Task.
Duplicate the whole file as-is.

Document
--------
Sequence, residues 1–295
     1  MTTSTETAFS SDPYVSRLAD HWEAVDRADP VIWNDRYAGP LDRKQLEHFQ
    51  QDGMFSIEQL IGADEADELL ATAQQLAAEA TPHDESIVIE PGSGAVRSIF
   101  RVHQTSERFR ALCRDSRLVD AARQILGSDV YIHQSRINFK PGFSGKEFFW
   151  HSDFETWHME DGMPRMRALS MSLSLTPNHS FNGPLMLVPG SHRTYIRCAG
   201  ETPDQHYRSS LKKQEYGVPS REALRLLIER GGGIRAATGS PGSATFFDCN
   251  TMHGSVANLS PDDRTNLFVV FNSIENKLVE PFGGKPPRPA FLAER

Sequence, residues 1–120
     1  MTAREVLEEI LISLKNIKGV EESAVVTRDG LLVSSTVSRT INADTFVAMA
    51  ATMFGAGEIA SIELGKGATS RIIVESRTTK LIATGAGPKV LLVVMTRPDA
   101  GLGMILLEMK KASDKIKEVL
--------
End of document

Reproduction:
Sequence, residues 1–295
     1  MTTSTETAFS SDPYVSRLAD HWEAVDRADP VIWNDRYAGP LDRKQLEHFQ
    51  QDGMFSIEQL IGADEADELL ATAQQLAAEA TPHDESIVIE PGSGAVRSIF
   101  RVHQTSERFR ALCRDSRLVD AARQILGSDV YIHQSRINFK PGFSGKEFFW
   151  HSDFETWHME DGMPRMRALS MSLSLTPNHS FNGPLMLVPG SHRTYIRCAG
   201  ETPDQHYRSS LKKQEYGVPS REALRLLIER GGGIRAATGS PGSATFFDCN
   251  TMHGSVANLS PDDRTNLFVV FNSIENKLVE PFGGKPPRPA FLAER

Sequence, residues 1–120
     1  MTAREVLEEI LISLKNIKGV EESAVVTRDG LLVSSTVSRT INADTFVAMA
    51  ATMFGAGEIA SIELGKGATS RIIVESRTTK LIATGAGPKV LLVVMTRPDA
   101  GLGMILLEMK KASDKIKEVL